Throughout this difficult month, there were a number of people who took time to pray with me and pray for me. Proverbs 18:24 says, “A man of many companions may come to ruin, but there is a friend who sticks closer than a brother.” Ultimately this verse finds it’s fulfillment in God’s Son, Jesus Christ who is now our adopted brother through his work on the cross. But I also believe that God sends people into our lives who are an earthly representation of Christ to us. I think of the friends I was blessed with in high school, and then in college, and then post college and now in the church I serve. I know I have weaknesses and struggles that they can help me with and use as an opportunity to pray with me, pray for me, serve me and ultimately point me back to Christ.

“Authentic friendship is not one-sided. It is an equal commitment from both parties. True friends give and receive.

“True friends know you and want to be known by you-celebrate you and are willing to be celebrated by you. They challenge you and seek to be challenged by you. And they serve you and are willing to be served by you.”
-Darrin Patrick The Dudes Guide to Manhood, 103

I fear there are many people in the church today – particularly men – who are unwilling to let someone get close enough to them to experience the incredible blessings that come from being a part of a fellowship of believers. Hebrews 10:24-25 says, “Let us consider how to stir up one another to love and good works, not neglecting to meet together, as is the habit of some, but encouraging one another, and all the more as you see the Day drawing near.” (ESV) As has been pointed out many times before, this needs to happen within the confines of a local church. This is why it’s crucial to get plugged in to a local church. But while it is at the minimum church involvement, it can and should involve so much more than that. There should be a group of like-minded people with whom you regularly spend time, “as iron sharpens iron, so one man sharpens iron.” (Proverbs 27:17) There should be a group of people who know why you are the way you are and what makes you tick. And what if there isn’t a group like this at your church? Then create one. It’s incredibly easy to find people would be willing to get together over a cup of coffee or a meal and share what’s going on with them. Ask questions and seek to get to know them on a deeper level then what they enjoy eating.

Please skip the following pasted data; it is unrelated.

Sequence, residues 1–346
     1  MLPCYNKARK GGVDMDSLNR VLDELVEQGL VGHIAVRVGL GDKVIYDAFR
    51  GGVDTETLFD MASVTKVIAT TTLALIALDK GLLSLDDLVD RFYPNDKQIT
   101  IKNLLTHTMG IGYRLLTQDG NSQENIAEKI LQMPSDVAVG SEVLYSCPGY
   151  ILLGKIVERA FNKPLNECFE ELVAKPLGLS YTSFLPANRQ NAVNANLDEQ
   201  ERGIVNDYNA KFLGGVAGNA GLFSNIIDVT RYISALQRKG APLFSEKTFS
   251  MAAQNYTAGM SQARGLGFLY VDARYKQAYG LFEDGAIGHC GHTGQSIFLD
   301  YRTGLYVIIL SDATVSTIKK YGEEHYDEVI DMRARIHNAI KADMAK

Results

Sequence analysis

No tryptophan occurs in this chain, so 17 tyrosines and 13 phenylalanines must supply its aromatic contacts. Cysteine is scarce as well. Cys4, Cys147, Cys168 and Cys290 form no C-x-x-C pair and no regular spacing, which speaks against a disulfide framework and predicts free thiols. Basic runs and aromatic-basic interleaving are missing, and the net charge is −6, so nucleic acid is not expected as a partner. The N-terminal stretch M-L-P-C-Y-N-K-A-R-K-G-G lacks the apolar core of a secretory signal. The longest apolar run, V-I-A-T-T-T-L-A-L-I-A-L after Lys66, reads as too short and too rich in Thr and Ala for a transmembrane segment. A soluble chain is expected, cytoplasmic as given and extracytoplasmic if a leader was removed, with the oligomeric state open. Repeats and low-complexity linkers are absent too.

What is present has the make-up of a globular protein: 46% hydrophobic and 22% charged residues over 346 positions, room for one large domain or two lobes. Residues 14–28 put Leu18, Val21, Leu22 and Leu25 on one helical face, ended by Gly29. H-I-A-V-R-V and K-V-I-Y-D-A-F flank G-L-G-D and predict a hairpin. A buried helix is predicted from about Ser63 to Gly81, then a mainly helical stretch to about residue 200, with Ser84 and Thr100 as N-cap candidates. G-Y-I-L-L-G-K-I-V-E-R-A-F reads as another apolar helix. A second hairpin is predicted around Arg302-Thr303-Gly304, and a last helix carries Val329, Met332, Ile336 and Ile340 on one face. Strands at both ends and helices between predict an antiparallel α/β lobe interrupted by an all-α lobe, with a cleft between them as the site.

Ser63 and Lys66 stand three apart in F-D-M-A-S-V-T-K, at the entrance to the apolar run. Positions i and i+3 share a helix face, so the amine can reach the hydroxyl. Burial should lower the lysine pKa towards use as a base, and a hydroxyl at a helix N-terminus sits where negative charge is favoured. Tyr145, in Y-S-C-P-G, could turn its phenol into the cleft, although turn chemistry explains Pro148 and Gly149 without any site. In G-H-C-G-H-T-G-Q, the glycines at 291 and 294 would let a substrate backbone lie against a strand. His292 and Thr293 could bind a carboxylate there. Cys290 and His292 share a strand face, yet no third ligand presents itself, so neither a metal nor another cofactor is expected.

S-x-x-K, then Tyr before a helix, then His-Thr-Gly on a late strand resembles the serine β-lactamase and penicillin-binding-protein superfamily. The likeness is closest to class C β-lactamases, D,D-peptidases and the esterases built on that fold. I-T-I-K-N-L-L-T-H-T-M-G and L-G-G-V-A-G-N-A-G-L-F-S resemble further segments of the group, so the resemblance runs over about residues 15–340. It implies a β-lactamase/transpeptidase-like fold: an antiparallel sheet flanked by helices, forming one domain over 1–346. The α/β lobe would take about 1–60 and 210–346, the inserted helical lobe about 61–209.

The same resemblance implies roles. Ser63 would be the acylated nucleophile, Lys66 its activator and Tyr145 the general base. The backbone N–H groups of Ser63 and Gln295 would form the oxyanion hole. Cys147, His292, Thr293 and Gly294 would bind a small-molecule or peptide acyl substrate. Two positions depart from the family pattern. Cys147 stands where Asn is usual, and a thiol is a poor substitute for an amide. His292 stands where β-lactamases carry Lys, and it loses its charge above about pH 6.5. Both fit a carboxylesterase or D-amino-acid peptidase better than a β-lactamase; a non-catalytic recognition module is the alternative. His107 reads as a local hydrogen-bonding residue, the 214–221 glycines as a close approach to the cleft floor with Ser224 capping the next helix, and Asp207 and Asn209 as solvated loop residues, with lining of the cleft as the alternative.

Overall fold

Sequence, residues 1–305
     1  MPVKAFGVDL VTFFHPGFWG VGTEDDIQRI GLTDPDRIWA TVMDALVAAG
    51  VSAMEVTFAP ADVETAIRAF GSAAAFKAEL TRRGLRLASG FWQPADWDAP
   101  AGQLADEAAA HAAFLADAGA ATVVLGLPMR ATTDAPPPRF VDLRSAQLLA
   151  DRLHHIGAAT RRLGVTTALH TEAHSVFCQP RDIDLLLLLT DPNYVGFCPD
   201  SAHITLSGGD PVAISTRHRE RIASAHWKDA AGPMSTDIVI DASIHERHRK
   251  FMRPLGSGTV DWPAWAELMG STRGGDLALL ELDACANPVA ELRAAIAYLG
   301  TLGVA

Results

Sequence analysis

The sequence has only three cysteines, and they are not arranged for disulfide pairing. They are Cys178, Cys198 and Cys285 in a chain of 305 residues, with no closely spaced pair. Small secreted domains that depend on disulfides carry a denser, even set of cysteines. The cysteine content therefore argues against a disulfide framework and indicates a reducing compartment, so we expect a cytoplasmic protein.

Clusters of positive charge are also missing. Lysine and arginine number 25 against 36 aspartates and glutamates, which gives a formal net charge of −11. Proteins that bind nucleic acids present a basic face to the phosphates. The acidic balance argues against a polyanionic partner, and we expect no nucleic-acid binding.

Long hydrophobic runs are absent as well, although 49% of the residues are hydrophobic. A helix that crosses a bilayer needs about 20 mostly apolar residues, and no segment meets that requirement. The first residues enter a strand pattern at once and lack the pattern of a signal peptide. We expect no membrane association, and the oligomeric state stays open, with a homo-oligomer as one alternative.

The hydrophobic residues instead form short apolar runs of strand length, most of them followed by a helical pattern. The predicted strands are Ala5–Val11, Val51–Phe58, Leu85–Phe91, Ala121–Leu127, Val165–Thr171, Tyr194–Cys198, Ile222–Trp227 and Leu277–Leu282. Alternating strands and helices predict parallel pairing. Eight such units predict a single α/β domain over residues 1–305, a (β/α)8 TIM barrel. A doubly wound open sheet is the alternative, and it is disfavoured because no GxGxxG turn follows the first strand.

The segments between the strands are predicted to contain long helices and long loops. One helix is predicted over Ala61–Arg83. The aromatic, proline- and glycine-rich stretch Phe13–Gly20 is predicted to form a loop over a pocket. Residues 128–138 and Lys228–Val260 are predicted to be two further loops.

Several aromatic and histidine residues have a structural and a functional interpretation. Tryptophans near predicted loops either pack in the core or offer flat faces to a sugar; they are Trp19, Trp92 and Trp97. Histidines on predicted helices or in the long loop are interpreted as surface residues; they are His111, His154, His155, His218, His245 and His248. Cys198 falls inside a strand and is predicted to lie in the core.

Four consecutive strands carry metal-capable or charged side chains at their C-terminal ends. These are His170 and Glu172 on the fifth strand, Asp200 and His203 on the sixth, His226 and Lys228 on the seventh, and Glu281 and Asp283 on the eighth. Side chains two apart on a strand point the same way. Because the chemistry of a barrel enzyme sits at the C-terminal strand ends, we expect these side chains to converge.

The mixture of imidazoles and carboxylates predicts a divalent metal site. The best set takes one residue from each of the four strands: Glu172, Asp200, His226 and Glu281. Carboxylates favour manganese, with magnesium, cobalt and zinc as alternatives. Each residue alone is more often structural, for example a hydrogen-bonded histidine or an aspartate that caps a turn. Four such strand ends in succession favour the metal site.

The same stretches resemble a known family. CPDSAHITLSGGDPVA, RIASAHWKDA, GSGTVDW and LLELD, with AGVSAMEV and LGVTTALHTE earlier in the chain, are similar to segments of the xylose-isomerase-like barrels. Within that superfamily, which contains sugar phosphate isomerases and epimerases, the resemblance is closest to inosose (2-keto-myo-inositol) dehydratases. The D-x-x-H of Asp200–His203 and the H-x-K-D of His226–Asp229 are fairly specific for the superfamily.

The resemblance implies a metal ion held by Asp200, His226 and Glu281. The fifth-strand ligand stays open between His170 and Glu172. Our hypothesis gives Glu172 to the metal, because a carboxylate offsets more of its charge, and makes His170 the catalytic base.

Exciting News!

I found out the beginning of this past weekend that I have received a Kern Scholarship to begin attending Denver Seminary this fall! This scholarship will pay my whole tuition for up to 4 years. I’m incredibly blessed and grateful for this opportunity and cannot wait to see how God continues to conform me in the image of His Son through my experience. I would really appreciate prayer for this new chapter of life as I try to continue working in Cheyenne and commuting to Denver a couple days a week. If anyone knows of any reliable, high gas mileage cars for sale, send them my way!

On Avoiding Christian Scholarship

On an incredibly exciting note for myself, I am planning to begin my seminary education this fall! Cue the obscene amounts of caffeine and late nights. One of the things I struggle with in my pursuit of higher education is how to apply a text to my life and not just allow it to be an academic pursuit. Throughout most of my undergraduate education (pretty much until my final year of school) I was simply trying to get a passing grade in my classes until it suddenly struck me that I need to be applying what I learned to my life! (See Luke 12:48)